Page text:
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Episcopal succession in Constantinople (381-450 C.E.): the local dynamics of power

Peter Van Nuffelen UGent (2010) JOURNAL OF EARLY CHRISTIAN STUDIES. 18(3). p.425-451
abstract
Research on episcopal succession has tended to focus on the social background of bishops, the role played by individual charisma, and church canons governing elections. Such studies have identified regional differences, especially between the eastern and the western parts of the Roman Empire. Through a comparison of three communities in Theodosian Constantinople (Novatians, Eunomians, and Nicenes), this paper argues that succession patterns also reflect the sociological structure of each community and the local balance of power, two factors that are shown to be closely interlocked. Especially the role of the local church establishment, which attempts to keep control over succession against imperial intervention and popular opinion, is shown to be vital. The form this establishment takes depends on the specific social and political situation each community finds itself in, as well as its theological views. Such a local perspective is an important corrective to generalizations about episcopal successions in late antiquity.
Please use this url to cite or link to this publication:
author
organization
year
type
journalArticle (original)
publication status
published
subject
journal title
JOURNAL OF EARLY CHRISTIAN STUDIES
volume
18
issue
3
pages
425 - 451
Web of Science type
Article
Web of Science id
000281923200004
ISSN
1067-6341
language
English
UGent publication?
yes
classification
A1
copyright statement
I have transferred the copyright for this publication to the publisher
id
1068297
handle
http://hdl.handle.net/1854/LU-1068297
date created
2010-10-29 14:25:35
date last changed
2016-12-19 15:44:33
@article{1068297,
  abstract     = {Research on episcopal succession has tended to focus on the social background of bishops, the role played by individual charisma, and church canons governing elections. Such studies have identified regional differences, especially between the eastern and the western parts of the Roman Empire. Through a comparison of three communities in Theodosian Constantinople (Novatians, Eunomians, and Nicenes), this paper argues that succession patterns also reflect the sociological structure of each community and the local balance of power, two factors that are shown to be closely interlocked. Especially the role of the local church establishment, which attempts to keep control over succession against imperial intervention and popular opinion, is shown to be vital. The form this establishment takes depends on the specific social and political situation each community finds itself in, as well as its theological views. Such a local perspective is an important corrective to generalizations about episcopal successions in late antiquity.},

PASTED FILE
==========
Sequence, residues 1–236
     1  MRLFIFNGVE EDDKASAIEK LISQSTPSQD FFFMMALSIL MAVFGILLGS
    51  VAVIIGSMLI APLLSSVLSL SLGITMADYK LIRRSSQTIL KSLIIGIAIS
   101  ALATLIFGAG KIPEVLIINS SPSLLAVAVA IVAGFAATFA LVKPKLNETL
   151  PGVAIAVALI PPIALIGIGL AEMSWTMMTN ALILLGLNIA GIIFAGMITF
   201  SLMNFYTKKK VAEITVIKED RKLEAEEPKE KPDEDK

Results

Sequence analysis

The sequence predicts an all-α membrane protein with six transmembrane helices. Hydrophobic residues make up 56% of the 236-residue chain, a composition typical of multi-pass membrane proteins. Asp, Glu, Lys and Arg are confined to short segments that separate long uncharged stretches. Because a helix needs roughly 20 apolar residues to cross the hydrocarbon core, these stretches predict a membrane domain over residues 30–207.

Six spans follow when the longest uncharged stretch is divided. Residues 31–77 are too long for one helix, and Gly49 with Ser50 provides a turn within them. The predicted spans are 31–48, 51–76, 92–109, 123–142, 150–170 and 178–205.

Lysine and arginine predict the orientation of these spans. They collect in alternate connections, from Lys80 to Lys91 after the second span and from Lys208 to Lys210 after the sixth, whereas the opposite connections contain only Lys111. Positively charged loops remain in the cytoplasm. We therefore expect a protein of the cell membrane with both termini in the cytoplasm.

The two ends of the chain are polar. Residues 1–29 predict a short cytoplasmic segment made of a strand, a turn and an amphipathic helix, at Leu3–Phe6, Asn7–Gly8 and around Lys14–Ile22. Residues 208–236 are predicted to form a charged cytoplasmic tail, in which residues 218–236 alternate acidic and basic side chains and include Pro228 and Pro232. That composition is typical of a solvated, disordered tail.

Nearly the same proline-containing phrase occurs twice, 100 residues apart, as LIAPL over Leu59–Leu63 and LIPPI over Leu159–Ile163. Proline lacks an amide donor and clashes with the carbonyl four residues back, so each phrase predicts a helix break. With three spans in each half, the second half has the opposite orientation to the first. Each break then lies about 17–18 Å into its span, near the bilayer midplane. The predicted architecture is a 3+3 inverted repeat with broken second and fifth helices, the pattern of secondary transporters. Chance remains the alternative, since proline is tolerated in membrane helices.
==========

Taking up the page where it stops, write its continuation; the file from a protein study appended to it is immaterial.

author       = {Van Nuffelen, Peter},
  issn         = {1067-6341},
  journal      = {JOURNAL OF EARLY CHRISTIAN STUDIES},
  language     = {eng},
  number       = {3},
  pages        = {425--451},
  title        = {Episcopal succession in Constantinople (381-450 C.E.): the local dynamics of power},
  volume       = {18},
  year         = {2010},
}

Chicago
Van Nuffelen, Peter. 2010. “Episcopal Succession in Constantinople (381-450 C.E.): The Local Dynamics of Power.” Journal of Early Christian Studies 18 (3): 425–451.
APA
Van Nuffelen, P. (2010). Episcopal succession in Constantinople (381-450 C.E.): the local dynamics of power. JOURNAL OF EARLY CHRISTIAN STUDIES, 18(3), 425–451.
Vancouver
1.
Van Nuffelen P. Episcopal succession in Constantinople (381-450 C.E.): the local dynamics of power. JOURNAL OF EARLY CHRISTIAN STUDIES. 2010;18(3):425–51.
MLA
Van Nuffelen, Peter. “Episcopal Succession in Constantinople (381-450 C.E.): The Local Dynamics of Power.” JOURNAL OF EARLY CHRISTIAN STUDIES 18.3 (2010): 425–451. Print.